A Man Vanishes (Shohei Imamura 1967) – DVD review
Shohei Imamura is fast becoming one of my favourite directors, thanks to Masters Of Cinema’s sterling efforts in releasing his hitherto hard-to-find back catalogue. A Man Vanishes was released earlier this Autumn alongside the even better The Ballad Of Narayama.
A Man Vanishes
(Shohei Imamura, Jap, 1967)
Reality or fiction? Imamura’s documentary (or is it?) blurs the line so well it deserves a new category. Let’s call it friction.
Fact. Fiction. Drama. Documentary. After years of watching mock-docs, it’s not exactly news that these terms are interchangeable. We’re such a savvy bunch nowadays that it’s impossible to watch a documentary without being aware of how artificial it is – in the shots that are used, the questions that are asked, the choice of music cues or voiceovers, we’re always being led towards certain conclusions. An entire cottage industry has sprung up to denounce the accuracy of Michael Moore’s films, while something like Catfish had everyone wondering it if was all made up to begin with.
All the more remarkable, then, that Shohei Imamura was asking these very questions in the 1960s. A Man Vanishes started out as a simple investigation into the disappearance of a salaryman, but gradually becomes an inquisition into the nature of reality, as if seized by the ghost of Rashomon. The Masters of Cinema DVD release helpfully comes with an introduction by Tony Rayns that brings clarity to some of the waters that Imamura muddies, but it’s a film that works better the less to know. All that’s important is that Imamura was alert to the possibilities of blurring conventional documentary techniques with dramatic reconstruction, and able to tease out those ambiguities in challenging, if not downright frustrating, ways.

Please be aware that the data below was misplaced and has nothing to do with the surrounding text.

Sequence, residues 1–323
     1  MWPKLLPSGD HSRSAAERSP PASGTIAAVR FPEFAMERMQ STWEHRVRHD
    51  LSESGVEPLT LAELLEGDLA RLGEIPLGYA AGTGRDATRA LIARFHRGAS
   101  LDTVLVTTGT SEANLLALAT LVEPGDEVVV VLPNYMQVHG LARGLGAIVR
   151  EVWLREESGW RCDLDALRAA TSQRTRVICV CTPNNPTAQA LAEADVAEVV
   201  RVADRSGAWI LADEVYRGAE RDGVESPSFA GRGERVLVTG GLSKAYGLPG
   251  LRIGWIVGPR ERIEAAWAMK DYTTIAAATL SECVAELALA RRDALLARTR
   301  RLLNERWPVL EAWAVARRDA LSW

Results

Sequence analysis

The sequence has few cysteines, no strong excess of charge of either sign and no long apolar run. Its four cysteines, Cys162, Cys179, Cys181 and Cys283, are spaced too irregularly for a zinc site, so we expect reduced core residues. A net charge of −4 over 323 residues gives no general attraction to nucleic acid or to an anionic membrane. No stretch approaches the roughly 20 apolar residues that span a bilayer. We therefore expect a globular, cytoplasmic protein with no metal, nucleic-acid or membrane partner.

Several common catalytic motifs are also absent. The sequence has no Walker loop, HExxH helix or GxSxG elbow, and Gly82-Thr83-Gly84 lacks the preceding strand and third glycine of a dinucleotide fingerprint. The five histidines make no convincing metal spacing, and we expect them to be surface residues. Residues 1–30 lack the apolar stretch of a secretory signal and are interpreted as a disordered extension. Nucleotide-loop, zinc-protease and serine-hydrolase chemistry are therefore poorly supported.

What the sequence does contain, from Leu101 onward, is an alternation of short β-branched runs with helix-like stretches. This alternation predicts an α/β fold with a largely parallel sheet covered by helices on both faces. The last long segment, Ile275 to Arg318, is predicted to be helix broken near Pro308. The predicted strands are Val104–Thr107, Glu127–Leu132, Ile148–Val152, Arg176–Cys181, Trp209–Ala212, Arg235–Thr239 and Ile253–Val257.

It begins innoculously enough – Takashi Oshima went missing two years previously, and Imamura’s crew enlists the help of her fiancée, Yoshie, to interview anybody who might know what has happened to him. It’s a strong story in its own right. Imamura’s investigation prises open the underbelly of Japanese society, where a strict work ethic and a conservative attitude to women might drive a man into…if not madness, then such all-conquering ennui that it’s easier to simply vanish into the ether. In this light, it shares much with Imamura’s following film, the classic Profound Desires Of The Gods, in which another salaryman gives up modern life to join a pagan island community.
Bit of a coincidence, that, considering that this is a documentary. Or is it? The longer it goes on, the weirder things get. Why do the sound and picture go out of sync so often, as if the people are voicing their opinions separately from the actual interviews? Why is the crew filmed discussing their star investigator, who they disparagingly call The Rat behind her back? Why does Imamura keep dropping in shock cuts to a psychic prowling on a stylised set? More importantly, why does the film become sidetracked into investigating the possibility that Yoshie’s sluttish, not-quite-there sister might have had her eye on Oshima?
Imamura is playing a fascinating game here. Where most documentaries streamline themselves in order to create an illusion of truth, Imamura bungs in everything to keep the film ambiguous and the audience off-guard. On one level, it’s bad filmmaking: scrappily shot, rudimentary in sound design, and disastrously paced – too fast to dwell on any revelation for long enough, but too slow to reach any kind of point. But Imamura’s a canny, mischievous director, because it’s the sheer inelegance of the film that makes it so provocative.
For instance, Imamura deploys hidden cameras to secretly film Yoshie’s private conversations. It’s an awkward ethical breach, a crossing of the line that makes you sure Yoshie is an actress who is ‘in’ on the drama. Likewise, when she appears to fall in love with one of the crew, it’s the kind of twist you wouldn’t believe in a wholly fictional film. It must be fake, right? Because the alternative is that Yoshie is mentally damaged and Imamura is exploiting her.
The result remains fascinating, because it’s genuinely hard to gauge where the filmmaker intrudes onto reality. Towards the end, Imamura pulls off an audacious visual and tonal coup that, in a less ambitious film, would provide more than enough closure. Here, though, he lets events run for another quarter of an hour, pulling the rug out even from the initial rug-pull until there’s no choice but to sit on our proverbial arses, going nowhere fast. The realisation hits us that documentary makers have no choice but to try to manipulate reality into some semblance of order – but what happens when real life doesn’t want to be ringfenced to suit the narrative contours of a two-hour film? Sometimes, film needs to be as messy as real life.